There are an estimated 768,574 students in our schools.
For 80%, the system does a good job. But around 154,000 children are dubbed “the tail” – the ones who will leave school with little or nothing.
This week, the prime minister announced that five small new schools will open next year, largely focusing on the tail.
Three are secondary schools, two in Northland with a Maori ethos and the other in Albany with a military character.
Another is a South Auckland middle school with Christian values, and the fifth a South Auckland primary emphasising Maori and Pacific culture.
The new schools will initially teach around 400 students, 0.05% of the country’s total, rising to 800.
There will now be 2,544 New Zealand schools in 2014 instead of 2,539.
All five will deliver the New Zealand Curriculum or Te Marautanga O Aotearoa, the Maori medium curriculum.
Registered teachers will lead the curriculum but the new schools will be more able than others to employ outside specialists.
In this first segment, Hooton demolishes the myth that Labour, the Greens and the teacher unions have tried their damnedest to perpetrate; that partnership schools would be staffed by non-registered teachers.
But the PPTA is even trying to undermine attempts by partnership schools to recruit registered teachers, or to interact with established schools in their respective areas; Hooton continues:
The new schools are the main outcome of the 2011 coalition deal between National and Act.
Act believes – as did National until it drifted to the left – that a traditional school system, while working for most, won’t be flexible enough for every student.
Further, having different types of schools encourages new ideas to enter the system and creates a degree of competition that may raise the standard of the whole.
If one of the new schools proves it can do a better job for a group of students compared with its neighbours, so much the better. If it can’t, it will close.
The most sensible way of looking at this is that the new “partnership” schools might help a small minority of students and improve the overall system. At worst, they’ll fail the 400 students who attend.
This is not how the secondary teachers’ union, the PPTA, sees it.
The PPTA says the five small schools are “a terrible experiment on New Zealand's children that must be stopped in its tracks”. It will fight them “every step of the way”.
Plans have been made to “quarantine” the schools by “instructing [PPTA] members to refrain from all professional, sporting and cultural contact”.
In practice, it means that if students from one of the five schools enter a netball team in their local competition, the PPTA will order its members to stop their students from playing against them.
If partnership-school students qualify for the regional swimming sports, the PPTA will prevent other students from entering the pool for fear of political pollution.
The same goes for the local debating, kapa haka or Mathex competition.
If these tactics seem extreme, they aren’t in the context of the PPTA worldview. On Twitter, the PPTA suggests the five new schools are equivalent to apartheid.
The best way to understand the PPTA’s behaviour is not that its activists are evil but that they are infantile. A new local school that they don’t like is the biggest event in their little worlds, which is why their rhetoric and tactics are always so extreme.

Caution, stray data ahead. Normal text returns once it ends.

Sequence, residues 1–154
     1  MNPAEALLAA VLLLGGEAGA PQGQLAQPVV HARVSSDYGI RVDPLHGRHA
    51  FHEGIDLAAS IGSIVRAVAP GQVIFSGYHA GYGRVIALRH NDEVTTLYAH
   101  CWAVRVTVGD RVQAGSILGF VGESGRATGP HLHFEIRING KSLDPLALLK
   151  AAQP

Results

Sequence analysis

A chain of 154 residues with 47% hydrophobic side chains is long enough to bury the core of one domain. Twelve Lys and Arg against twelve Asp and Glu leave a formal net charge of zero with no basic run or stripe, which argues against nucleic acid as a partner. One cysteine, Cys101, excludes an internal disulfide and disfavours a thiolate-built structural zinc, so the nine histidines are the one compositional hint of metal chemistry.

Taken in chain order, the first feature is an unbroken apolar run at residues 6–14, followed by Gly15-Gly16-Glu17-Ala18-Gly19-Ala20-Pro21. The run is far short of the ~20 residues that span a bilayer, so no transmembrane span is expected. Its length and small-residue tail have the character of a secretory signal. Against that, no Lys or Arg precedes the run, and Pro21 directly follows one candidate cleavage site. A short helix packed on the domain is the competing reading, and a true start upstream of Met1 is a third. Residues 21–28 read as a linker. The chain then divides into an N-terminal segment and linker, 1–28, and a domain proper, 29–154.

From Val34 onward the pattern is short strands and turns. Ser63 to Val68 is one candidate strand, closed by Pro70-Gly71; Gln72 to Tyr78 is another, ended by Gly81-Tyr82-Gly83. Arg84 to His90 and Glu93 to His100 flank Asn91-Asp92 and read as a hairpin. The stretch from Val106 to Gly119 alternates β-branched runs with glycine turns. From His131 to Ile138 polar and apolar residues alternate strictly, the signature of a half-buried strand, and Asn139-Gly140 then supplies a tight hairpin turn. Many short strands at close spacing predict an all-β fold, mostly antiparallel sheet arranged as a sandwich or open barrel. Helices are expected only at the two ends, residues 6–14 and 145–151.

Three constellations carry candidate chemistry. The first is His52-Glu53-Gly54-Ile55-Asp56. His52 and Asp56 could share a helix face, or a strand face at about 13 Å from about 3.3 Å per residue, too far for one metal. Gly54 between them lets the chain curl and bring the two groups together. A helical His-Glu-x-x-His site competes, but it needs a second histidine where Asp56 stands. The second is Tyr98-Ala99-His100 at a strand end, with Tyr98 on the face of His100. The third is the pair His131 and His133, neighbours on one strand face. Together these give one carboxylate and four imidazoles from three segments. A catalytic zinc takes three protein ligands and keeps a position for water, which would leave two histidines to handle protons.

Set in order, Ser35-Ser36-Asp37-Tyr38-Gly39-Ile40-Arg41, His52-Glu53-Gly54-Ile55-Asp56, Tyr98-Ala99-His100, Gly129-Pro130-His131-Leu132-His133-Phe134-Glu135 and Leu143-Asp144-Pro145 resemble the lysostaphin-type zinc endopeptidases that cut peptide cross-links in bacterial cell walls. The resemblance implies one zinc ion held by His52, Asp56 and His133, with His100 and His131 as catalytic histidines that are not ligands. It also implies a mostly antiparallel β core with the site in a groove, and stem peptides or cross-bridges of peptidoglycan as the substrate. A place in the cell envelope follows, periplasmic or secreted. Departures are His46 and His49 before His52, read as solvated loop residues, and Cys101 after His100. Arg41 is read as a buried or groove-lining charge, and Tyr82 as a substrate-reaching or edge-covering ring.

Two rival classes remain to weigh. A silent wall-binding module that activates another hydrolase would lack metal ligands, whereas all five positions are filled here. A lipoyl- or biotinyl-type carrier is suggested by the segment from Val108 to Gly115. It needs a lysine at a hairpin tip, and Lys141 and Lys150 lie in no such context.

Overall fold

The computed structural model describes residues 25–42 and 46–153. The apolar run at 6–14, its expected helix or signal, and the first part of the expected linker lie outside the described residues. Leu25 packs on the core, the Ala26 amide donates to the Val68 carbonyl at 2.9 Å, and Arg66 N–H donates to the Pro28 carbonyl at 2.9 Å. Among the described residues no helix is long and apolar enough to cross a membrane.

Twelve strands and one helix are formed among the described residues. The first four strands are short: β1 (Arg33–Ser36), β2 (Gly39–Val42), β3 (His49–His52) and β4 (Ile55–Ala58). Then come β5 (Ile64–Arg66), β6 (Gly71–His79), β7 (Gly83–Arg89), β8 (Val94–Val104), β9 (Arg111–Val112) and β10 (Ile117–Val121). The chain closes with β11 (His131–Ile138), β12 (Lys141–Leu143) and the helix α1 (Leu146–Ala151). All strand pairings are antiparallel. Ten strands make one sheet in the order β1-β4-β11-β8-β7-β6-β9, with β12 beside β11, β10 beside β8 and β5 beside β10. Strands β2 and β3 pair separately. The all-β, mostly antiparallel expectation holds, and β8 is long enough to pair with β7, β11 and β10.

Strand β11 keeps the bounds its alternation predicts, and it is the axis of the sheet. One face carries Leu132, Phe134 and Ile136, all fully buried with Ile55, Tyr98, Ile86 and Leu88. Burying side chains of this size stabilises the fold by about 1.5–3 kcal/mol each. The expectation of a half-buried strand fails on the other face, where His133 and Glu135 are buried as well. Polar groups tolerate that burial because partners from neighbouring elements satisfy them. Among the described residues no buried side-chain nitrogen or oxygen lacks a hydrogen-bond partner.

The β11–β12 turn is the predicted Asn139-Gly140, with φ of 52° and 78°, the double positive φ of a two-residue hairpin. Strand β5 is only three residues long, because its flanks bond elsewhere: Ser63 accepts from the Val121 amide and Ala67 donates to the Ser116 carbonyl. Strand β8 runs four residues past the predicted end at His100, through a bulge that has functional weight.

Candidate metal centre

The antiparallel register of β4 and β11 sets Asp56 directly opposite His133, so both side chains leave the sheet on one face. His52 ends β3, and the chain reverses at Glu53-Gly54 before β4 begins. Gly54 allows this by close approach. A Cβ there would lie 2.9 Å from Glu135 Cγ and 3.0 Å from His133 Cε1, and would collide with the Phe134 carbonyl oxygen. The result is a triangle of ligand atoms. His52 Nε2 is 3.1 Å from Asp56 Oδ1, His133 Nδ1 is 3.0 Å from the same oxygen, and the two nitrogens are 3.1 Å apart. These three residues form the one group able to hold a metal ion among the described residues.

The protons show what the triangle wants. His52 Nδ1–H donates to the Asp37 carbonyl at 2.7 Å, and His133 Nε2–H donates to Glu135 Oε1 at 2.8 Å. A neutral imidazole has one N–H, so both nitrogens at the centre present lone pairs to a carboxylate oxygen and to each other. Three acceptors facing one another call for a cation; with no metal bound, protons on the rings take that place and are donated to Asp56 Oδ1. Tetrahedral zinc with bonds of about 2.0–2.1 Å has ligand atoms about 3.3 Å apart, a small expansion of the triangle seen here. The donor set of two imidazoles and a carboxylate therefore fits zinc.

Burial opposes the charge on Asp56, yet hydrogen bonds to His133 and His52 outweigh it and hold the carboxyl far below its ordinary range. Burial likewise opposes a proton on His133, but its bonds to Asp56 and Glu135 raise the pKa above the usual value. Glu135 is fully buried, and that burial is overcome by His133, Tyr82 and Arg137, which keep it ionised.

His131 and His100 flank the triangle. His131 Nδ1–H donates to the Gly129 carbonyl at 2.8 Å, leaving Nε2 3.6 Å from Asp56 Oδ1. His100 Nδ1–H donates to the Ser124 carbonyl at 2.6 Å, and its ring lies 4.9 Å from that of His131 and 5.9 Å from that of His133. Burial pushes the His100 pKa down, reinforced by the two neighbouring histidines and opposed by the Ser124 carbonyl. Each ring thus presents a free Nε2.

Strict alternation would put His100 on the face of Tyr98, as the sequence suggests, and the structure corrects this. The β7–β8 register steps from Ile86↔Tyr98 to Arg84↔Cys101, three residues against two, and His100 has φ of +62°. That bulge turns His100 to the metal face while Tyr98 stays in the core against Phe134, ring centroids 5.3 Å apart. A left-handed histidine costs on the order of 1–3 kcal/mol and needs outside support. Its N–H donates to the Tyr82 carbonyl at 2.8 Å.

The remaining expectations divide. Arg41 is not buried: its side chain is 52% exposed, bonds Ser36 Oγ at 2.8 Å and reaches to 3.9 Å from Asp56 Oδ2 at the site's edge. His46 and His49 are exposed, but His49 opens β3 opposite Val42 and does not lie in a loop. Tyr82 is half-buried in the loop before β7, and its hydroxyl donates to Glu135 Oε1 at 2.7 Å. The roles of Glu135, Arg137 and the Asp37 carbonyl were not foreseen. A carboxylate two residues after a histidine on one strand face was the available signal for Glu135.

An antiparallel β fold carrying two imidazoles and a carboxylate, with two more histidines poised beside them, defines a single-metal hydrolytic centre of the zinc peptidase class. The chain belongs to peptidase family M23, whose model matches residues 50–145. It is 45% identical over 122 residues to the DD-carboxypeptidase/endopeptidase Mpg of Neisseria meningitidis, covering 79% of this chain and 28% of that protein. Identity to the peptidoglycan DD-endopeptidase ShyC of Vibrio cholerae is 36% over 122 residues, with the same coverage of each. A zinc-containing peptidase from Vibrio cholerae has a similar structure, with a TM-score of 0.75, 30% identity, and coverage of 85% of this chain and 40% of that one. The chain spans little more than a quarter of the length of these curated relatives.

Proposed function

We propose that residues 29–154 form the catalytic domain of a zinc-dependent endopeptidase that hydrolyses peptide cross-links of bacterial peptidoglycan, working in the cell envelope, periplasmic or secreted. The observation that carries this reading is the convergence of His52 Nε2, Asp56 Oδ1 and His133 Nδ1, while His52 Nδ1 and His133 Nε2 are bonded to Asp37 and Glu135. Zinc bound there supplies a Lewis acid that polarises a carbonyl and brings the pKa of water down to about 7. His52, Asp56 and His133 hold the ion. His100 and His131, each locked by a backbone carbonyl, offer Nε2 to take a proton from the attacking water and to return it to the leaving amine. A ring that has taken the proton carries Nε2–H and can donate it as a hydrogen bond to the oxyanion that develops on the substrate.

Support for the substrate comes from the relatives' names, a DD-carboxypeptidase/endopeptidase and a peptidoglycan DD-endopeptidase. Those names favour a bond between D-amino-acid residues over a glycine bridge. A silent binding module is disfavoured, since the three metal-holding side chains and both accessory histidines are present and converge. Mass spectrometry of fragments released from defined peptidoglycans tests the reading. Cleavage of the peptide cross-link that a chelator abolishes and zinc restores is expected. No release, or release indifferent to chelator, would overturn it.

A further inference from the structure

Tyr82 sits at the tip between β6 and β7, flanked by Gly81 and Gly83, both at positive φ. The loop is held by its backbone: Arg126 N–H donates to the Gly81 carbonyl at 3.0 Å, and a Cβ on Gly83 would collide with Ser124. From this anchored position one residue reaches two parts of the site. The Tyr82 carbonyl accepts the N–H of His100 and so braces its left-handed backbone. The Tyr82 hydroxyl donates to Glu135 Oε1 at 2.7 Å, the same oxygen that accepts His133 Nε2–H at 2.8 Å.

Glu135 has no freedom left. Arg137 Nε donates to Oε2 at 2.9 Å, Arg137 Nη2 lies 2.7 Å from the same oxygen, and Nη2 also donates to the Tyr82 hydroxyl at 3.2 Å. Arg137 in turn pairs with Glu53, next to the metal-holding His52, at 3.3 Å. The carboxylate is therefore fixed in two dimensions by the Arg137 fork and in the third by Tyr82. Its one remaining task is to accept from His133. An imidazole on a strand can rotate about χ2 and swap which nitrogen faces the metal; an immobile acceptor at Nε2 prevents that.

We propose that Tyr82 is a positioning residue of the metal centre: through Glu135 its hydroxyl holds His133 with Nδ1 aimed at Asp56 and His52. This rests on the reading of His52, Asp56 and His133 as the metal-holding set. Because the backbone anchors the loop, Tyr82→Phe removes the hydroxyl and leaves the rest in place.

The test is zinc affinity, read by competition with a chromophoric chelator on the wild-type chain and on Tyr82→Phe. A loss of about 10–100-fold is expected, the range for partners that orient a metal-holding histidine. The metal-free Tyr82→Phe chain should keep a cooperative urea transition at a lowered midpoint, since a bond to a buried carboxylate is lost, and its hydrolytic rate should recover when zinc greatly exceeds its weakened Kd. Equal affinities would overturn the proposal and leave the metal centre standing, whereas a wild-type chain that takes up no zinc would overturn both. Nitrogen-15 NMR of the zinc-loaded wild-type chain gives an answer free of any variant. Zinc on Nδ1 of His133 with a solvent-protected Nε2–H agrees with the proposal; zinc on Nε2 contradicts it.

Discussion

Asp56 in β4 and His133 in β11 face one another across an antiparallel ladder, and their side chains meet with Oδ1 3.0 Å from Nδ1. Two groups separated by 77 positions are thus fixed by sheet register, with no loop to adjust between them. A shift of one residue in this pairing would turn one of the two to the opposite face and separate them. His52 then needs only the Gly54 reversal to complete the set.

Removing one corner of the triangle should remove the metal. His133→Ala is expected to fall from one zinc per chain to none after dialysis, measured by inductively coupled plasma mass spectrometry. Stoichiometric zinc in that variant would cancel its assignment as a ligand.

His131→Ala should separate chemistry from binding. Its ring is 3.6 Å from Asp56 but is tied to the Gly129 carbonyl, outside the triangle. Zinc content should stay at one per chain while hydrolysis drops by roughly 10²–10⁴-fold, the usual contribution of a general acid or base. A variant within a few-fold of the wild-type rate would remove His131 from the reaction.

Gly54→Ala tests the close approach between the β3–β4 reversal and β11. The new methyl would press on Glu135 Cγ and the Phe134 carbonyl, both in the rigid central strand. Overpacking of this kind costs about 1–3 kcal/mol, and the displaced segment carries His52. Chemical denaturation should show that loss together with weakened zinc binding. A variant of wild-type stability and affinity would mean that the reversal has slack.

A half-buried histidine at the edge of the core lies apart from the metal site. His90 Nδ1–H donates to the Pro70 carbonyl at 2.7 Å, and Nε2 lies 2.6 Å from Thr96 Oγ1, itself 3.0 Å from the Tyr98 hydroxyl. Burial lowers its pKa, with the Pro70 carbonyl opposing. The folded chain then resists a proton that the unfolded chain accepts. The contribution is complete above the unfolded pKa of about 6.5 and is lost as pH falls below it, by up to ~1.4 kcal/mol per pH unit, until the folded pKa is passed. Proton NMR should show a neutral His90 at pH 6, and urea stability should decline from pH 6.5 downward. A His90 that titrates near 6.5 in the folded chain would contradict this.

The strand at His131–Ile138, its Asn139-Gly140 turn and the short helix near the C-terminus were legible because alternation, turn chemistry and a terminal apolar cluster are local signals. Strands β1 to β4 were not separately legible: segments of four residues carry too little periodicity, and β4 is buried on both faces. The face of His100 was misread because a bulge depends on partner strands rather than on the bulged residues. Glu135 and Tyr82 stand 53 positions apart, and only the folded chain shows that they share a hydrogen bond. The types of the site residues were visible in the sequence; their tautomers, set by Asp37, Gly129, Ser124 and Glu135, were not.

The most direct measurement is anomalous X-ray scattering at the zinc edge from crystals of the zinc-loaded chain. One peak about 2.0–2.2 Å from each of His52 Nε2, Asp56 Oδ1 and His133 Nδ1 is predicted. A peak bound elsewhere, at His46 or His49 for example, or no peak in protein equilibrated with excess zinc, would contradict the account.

Even so, that doesn’t make life easier for those who come into conflict with them. As it proved during the bulk funding wars of the 1990s, when the PPTA says it will stop at nothing to destroy the five new schools, believe them.
The PPTA's tactic here are certainly questionable. On the positive side however, enough people probably recognise that and are critical of them that the tide of public opinion will turn into a wave of support for the new schools. Sheesh; even Hone Harawira has wished them well!
And on this occasion, Matthew Hooton isn't just talking about support for the partnership schools; he is providing it in a practical manner. Here's how he concludes his piece:
This is why, a month or so ago, one of the new schools, fearing what was ahead after receiving a threatening letter from the PPTA, asked my PR company for pro bono media training. Being supportive of their goals, I agreed.
We later put that school in touch with another, and approached others on the shortlist, leading to the establishment of Te Kahui Kura Hourua o Aotearoa, the Association of Partnership Schools of New Zealand (TKKH for short). We expect it to become a paid client but we also feel something of an obligation to help protect the schools, teachers, students and their families from the disgusting tactics that are ahead.
Undoubtedly, the PPTA will be proud to learn that so threatening has it already been towards five small community schools, that they have felt the need to ask for support from a corporate PR firm to form something of a union to make them feel safe.
We wish the TKKH every success in what is likely to be a bitter struggle against the PPTA. We are pleased that they have sought professional help, and commend Matthew Hooton and Exceltium for providing pro bono advice in the first instance.
And we reiterate our view on partnership schools; when the current system is failing up to 20% of students, not trying a different approach is not an option. Partnership schools need to be given an opportunity to see whether or not they can make a difference to some of those children who are presently falling through the cracks. What do we have to lose?